I need to give a presentation about James Joyce's "Araby." What is the most important information to include?

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iandavidclark3 eNotes educator| Certified Educator

A great theme to include in your presentation on James Joyce's "Araby" is the topic of disillusionment. It's one of the most important things Joyce touches on in the story, and so it might be worth mentioning.

The narrator of Joyce's short story is a little boy who is enamored with two things: the exotic adventure promised by the bazaar called "Araby," and his crush on a girl in the neighborhood, a character only known as Mangan's sister (the fact that she is only identifiable through her relationship to her brother is another potential fascinating topic to focus on, as it provides the fodder for a great feminist critique, but that's perhaps adding too much to your plate). The narrator idealizes both of these things, building them up to monumental proportions. 

In the end, the little boy is disappointed. "Gazing up into the darkness" (36) of the nearly deserted bazaar, the boy says "I saw myself as a creature driven and derided by vanity; and my eyes burned with anguish and anger" (36). In making this statement, the boy illustrates his disillusionment with his prior obsessions; recognizing the harsh realities of the adult world, the boy abandons the idealizations of childhood. Thus, one of the most significant topics in the story is disillusionment.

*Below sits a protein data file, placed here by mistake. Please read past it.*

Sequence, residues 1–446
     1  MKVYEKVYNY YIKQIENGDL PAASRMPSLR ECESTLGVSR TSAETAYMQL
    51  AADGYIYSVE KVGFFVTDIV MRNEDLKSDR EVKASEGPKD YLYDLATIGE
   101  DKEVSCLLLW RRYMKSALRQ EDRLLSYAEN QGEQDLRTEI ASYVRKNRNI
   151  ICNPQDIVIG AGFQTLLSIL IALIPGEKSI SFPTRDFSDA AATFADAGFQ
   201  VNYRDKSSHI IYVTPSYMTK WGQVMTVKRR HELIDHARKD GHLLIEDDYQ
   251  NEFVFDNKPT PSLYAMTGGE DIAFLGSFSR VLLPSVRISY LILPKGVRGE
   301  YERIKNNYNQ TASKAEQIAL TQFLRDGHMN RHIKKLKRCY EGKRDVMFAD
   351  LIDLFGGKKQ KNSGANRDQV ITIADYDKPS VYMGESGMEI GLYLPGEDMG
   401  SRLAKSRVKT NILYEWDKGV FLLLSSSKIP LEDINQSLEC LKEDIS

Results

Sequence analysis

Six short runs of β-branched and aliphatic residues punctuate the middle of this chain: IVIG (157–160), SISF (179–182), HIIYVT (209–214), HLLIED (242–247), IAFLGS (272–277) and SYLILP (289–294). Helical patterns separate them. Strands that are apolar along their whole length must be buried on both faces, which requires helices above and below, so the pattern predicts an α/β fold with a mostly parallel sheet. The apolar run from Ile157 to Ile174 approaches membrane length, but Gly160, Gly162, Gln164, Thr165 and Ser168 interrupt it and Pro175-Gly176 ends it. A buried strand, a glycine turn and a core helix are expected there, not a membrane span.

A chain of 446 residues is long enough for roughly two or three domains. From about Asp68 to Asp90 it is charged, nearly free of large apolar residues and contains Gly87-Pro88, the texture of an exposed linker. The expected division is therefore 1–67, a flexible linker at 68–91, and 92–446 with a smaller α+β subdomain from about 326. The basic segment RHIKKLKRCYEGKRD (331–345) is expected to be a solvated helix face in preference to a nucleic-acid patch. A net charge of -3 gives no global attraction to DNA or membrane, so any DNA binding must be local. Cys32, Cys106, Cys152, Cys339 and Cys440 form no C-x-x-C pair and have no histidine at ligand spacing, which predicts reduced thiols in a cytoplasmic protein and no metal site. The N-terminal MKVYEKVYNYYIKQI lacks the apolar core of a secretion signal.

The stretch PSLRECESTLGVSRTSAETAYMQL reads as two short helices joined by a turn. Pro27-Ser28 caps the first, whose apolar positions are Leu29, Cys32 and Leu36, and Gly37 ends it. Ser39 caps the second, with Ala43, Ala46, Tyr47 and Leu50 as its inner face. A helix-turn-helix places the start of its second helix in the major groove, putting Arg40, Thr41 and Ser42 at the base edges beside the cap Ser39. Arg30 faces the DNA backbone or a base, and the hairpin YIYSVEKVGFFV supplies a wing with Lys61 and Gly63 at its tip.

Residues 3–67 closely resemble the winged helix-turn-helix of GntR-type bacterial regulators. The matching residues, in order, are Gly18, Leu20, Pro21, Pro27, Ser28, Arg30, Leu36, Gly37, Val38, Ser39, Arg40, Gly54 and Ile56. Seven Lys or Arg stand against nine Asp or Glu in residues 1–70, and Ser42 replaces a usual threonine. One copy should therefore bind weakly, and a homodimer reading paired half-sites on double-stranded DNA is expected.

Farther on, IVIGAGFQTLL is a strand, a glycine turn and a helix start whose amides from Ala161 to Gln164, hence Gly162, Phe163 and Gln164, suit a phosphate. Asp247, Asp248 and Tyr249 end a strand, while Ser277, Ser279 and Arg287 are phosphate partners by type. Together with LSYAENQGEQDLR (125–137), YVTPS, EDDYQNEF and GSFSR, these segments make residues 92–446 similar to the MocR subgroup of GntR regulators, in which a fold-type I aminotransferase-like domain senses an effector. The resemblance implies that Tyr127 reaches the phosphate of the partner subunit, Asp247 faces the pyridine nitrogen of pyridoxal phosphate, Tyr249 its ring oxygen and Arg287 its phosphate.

mc-writes | Student

The story "Araby" by James Joyce focuses on the topic of infatuation, which is important to include in a presentation.  

Infatuation is displayed in the interaction of the narrator with the girl known only as "Mangan's sister."  The narrator of the story displays his feelings of infatuation for Mangan's sister by admiring her from afar, and going out of his way to reach the bazaar at Araby to buy her something nice.  Even though the narrator "had never spoken to her except for a few casual words," she "was like a summons to all my [his] foolish blood" (Dubliners, p. 21).  The beginning, the climax, and the epiphany of the story all focus around the narrator's infatuation of Mangan's sister.  Overall, Joyce's short story "Araby" emphasizes how vain and foolish people can be in the face of infatuation.

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Araby

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